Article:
posted by laurenbove at 2:25 PM on February 1, 2005


'hispanic' was used by Americans to refer to
a dark complexion from a home where someone spoke Spanish
dark, non-spanish speaking friends of mine were.

Huh?
posted by thomcatspike at 2:31 PM on February 1, 2005


"EB, I'm a bit curious about the Spanish in New Mexico: do they all speak Spanish? And, how can people tell they're different from all the 'white' folks? Just by name?"

The ones that prefer to call themselves "Spanish" certainly do speak Spanish. But New Mexico is Hispanic majority, and certainly large areas of northern New Mexico are. There's a good number of villages that are very old and entirely Hispanic. Spanish is their native language, although pretty much everyone speaks English.

How do people tell each other apart? Name, of course. Appearance, to varying degrees. Like anywhere else.

You should read Milagro Beanfield War for some insight into the culture here. (I like the movie, too, but it's flawed. It shows off the gorgeous lanscape, though.) The book focuses on anglo/Hispanic conflict, and the roots of that are that these are descendents of people that were granted large tracts of land by the Spanish royalty 400+ years ago. And it was theirs, too, right up until the US claimed New Mexico and refused to recognize most of the lanf grants. However, anglos and Hispanics get along here much better than I've seen elsewhere. Certainly better than Texas. Austin, a supposedly liberal city, was extremely segregated. Most of New Mexico is pretty integrated with regard to Hispanics. And I think a lot of we anglos here in N. New Mexico, certainly natives like myself, have always been aware that we're the minority and, in fact, we quite like the Hispanic culture and do our best to integrate into it. That's probably overstating it. But in relative terms (say, relative to Texas), it's true.

About "race": I used the word "invention" because race as we know it today is, in fact, an invention of Europeans. The term and equivalents have always been used, but they corresponded quite well with ethnicity. But this modern notion of "race" asserts that there are broadly genetically divergent human populations that correspond closely to a variety of superficial features, primarily skin color. This was a new idea. It also happens to be false.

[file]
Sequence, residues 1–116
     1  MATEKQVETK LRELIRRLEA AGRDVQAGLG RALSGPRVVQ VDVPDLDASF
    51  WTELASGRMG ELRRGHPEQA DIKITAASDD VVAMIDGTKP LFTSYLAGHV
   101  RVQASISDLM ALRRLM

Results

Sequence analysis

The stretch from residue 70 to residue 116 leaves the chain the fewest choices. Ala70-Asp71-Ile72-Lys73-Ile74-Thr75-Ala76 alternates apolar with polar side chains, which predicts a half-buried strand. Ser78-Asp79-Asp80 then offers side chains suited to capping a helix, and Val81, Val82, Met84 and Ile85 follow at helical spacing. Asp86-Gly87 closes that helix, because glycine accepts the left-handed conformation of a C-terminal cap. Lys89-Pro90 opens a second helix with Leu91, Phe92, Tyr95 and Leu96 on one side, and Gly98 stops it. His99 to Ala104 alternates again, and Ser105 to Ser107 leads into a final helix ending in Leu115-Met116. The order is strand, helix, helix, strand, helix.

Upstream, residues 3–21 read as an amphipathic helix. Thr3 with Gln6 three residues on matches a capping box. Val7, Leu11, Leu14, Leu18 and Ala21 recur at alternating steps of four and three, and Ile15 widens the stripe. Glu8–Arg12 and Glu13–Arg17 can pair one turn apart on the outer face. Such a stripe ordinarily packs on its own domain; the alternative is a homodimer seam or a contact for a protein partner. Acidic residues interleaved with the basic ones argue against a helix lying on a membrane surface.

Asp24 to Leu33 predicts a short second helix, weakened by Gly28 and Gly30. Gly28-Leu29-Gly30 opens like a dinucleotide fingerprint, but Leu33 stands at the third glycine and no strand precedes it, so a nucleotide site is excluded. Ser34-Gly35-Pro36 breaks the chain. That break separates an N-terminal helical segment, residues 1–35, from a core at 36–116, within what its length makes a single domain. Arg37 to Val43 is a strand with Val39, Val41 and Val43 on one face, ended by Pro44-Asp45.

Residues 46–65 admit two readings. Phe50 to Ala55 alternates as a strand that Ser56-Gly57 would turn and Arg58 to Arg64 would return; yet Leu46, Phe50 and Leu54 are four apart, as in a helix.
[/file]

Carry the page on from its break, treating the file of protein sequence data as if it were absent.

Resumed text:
It's not clear from your comment whether you understand that the genes you assume (incorrectly, in most cases, I believe) have been identified that lead to the superficial characteristics we call "race" are neither simple, nor constant, and, most importantly, do not correspond with genetically divergent populations. The central idea of "race" is that, for example, all black people share many inherent characteristics that are the product of genetic population divergence and are distinct from, say, those of white people. This is false. The thing we call "race" is not a reliable marker for genetic relatedness. It's very important to understand this.
posted by Ethereal Bligh at 2:32 PM on February 1, 2005


"Just for the record, are Portuguese/Brazilian people black, white or hispanic?"

The Brazilians are oft-discussed because the supposedly have no notion of race. They see a continuum. Now, as to how the Portuguese think of them, I don't know.

"...meaning fair skinned folks from Spain were not hispanic, but dark, non-spanish speaking friends of mine were."

I don't know anyone that thinks this way and the Census Bureau certainly doesn't. But I wouldn't be surprised that a lot of people would, since there's a notion that being Hispanic is a "race" and is non-white and therefore would correspond to skin color, not ethnicity.
posted by Ethereal Bligh at 2:37 PM on February 1, 2005


"For example: Bergman's and Allen's rules explain the physical variations that are expressed after an action upon the DNA such as the extreme environment of harsh cold. Traits like short round bodys and short appendages would be a result of such a harsh environment and would explain/describe the attributes of the Chukchi people of northeastern Russia."